Study shows overrepresented populations tend to receive disproportionate share of national fundsMay 11th, 2011 in Other Sciences / Economics & Business
Log of the relative intergovernmental transfer index against the log of the representation index for each country, using averages over the entire time period for each country. Image (c) PNAS, doi: 10.1073/pnas.1019061108
(PhysOrg.com) -- In a new study published in the Proceedings of the National Academy of Science (PNAS), authors Tiberiu Dragu and Jonathan Rodden show that many of the worlds democracies arent nearly as democratic as might be thought, at least when it comes to doling out cash from the central government. After careful statistical analysis, they show that less populated areas tend to get more money per capita than do those that are more heavily populated, resulting in inequities slanted towards more rural areas.
By studying nine democratic countries (federations) that collect money via taxes and then dole out that cash nationally, the authors were able to very clearly show that states or provinces that are sparsely populated almost always receive more money per person than do those with bigger populations. This comes about, they say, as a result of the way populations are represented in their national governments.
In the United States, for example, every state gets two senators, regardless of population. This means each state gets two votes on every issue that arises, which of course includes funding for projects and social programs. If two states, one sparse (Vermont for example has just over 600,000 people) and one heavily populated (say California, with a population of over 37 million), both receive grants of equal amounts to build a highway, say a hundred million dollars each; calculating the amount received per person in that state is as simple as dividing the total amount of money received by the number of people in the state, for that project, which would result, obviously, in a much higher number for the sparse state (166.7 million for Vermont, as opposed to 2.7 for California). This inequity, the authors point out, might not seem like such a big issue in already well established countries, but can be a serious sticking point in countries (such as Iraq, perhaps) that are still trying to move towards democracy. And of course, its not as cut and dried as all that because states with larger populations such as California, do receive far more funds overall, then do less populated ones; but as the authors note, the data shows that the sparser states, after all is said and done, do get a better deal.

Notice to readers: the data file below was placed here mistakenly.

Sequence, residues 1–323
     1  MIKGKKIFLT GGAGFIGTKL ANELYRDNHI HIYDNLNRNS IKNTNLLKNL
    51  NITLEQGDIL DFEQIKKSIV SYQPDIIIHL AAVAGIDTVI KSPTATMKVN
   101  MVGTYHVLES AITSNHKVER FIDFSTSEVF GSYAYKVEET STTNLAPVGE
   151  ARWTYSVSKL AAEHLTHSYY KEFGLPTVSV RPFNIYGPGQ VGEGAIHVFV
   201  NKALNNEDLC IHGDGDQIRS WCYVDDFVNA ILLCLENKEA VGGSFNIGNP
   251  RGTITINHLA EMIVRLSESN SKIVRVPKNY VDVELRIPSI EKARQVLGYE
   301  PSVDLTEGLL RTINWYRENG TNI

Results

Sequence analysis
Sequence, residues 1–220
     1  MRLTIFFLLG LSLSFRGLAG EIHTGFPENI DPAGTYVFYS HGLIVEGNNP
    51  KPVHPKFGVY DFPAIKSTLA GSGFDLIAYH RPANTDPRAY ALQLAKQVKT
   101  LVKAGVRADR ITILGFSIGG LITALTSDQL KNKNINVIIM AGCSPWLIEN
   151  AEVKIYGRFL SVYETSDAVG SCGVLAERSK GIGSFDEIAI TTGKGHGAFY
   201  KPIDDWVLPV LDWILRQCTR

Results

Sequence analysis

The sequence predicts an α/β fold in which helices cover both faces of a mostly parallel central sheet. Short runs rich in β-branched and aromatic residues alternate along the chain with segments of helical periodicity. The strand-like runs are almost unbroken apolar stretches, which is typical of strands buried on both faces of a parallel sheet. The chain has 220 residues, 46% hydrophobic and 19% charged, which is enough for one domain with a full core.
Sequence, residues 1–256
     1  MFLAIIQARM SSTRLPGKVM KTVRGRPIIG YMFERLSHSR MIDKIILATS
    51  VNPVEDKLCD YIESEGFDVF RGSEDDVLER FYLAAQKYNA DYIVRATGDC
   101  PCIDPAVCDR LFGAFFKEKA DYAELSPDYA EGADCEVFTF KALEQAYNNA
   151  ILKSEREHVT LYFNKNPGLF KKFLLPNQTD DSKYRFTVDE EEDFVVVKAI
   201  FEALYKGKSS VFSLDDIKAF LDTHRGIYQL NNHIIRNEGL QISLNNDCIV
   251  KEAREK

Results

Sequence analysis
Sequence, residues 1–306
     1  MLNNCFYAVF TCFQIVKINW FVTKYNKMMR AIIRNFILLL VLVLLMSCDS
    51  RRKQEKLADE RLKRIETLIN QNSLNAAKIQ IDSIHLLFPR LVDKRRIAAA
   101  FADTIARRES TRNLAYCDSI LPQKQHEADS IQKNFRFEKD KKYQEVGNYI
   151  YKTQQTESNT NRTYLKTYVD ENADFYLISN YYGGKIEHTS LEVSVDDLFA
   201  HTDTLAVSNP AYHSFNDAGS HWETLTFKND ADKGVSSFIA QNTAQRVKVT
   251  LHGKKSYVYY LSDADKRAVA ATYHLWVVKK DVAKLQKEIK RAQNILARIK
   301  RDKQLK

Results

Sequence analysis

Many previous studies have been done on this issue, leading to the same result; the difference with this study though, is that it focused on many countries, not just the United States, and used several decades of actual historical data to show that its not just the U.S. that has such inequities, but most modern developed democratic nations. The data, they say, also shows that its not the United States that has the biggest differential; its Brazil, where the sparsest states get up to five times the amount per capita, over those in the densest states, such as Sao Paulo.
The bottom line is, if federations wish to govern democratically, they should take a closer look at the data in studies such as this, before parceling out funds.
More information: Representation and redistribution in federations, Tiberiu Dragua and Jonathan Rodden, PNAS, Published online before print May 9, 2011, doi: 10.1073/pnas.1019061108
Many of the world's most populous democracies are political unions composed of states or provinces that are unequally represented in the national legislature. Scattered empirical studies, most of them focusing on the United States, have discovered that overrepresented states appear to receive larger shares of the national budget. Although this relationship is typically attributed to bargaining advantages associated with greater legislative representation, an important threat to empirical identification stems from the fact that the representation scheme was chosen by the provinces. Thus, it is possible that representation and fiscal transfers are both determined by other characteristics of the provinces in a specific country. To obtain an improved estimate of the relationship between representation and redistribution, we collect and analyze provincial-level data from nine federations over several decades, taking advantage of the historical process through which federations formed and expanded. Controlling for a variety of country- and province-level factors and using a variety of estimation techniques, we show that overrepresented provinces in political unions around the world are rather dramatically favored in the distribution of resources.
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